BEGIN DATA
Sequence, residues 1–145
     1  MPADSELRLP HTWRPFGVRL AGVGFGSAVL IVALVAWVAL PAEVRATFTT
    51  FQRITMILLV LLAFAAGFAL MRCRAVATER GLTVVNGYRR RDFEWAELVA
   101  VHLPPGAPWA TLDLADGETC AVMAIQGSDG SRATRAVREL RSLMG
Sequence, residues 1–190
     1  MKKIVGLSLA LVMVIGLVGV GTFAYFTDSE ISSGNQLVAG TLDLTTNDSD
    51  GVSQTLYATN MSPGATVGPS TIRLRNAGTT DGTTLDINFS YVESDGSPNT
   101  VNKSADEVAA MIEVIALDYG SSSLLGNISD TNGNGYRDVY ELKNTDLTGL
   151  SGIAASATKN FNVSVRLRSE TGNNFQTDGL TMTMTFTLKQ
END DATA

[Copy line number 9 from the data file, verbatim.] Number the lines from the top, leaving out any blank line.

   151  SGIAASATKN FNVSVRLRSE TGNNFQTDGL TMTMTFTLKQ